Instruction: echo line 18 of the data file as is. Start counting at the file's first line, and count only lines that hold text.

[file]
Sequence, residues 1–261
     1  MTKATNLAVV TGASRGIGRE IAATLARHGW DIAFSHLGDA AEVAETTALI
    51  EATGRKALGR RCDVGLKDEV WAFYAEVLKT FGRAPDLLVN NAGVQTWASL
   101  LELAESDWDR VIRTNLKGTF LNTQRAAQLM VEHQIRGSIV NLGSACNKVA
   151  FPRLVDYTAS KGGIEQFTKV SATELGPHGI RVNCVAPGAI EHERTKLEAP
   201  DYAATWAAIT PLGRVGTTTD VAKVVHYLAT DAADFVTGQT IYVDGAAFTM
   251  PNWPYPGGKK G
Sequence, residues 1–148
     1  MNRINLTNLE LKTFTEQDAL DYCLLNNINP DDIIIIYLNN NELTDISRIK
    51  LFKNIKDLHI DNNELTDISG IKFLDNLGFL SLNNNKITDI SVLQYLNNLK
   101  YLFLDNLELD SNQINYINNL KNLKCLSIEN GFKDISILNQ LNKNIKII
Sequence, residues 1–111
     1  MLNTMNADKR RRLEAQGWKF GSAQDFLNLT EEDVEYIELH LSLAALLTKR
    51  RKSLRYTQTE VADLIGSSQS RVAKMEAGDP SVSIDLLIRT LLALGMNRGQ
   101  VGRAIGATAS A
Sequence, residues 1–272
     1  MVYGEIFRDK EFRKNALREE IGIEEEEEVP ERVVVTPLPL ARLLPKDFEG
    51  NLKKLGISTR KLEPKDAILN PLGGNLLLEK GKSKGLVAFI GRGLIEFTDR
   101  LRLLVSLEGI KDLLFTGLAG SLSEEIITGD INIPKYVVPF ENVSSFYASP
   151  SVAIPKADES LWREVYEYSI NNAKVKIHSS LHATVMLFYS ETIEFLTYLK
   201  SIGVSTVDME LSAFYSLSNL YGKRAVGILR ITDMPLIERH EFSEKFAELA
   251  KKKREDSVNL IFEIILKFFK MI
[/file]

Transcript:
    51  NLKKLGISTR KLEPKDAILN PLGGNLLLEK GKSKGLVAFI GRGLIEFTDR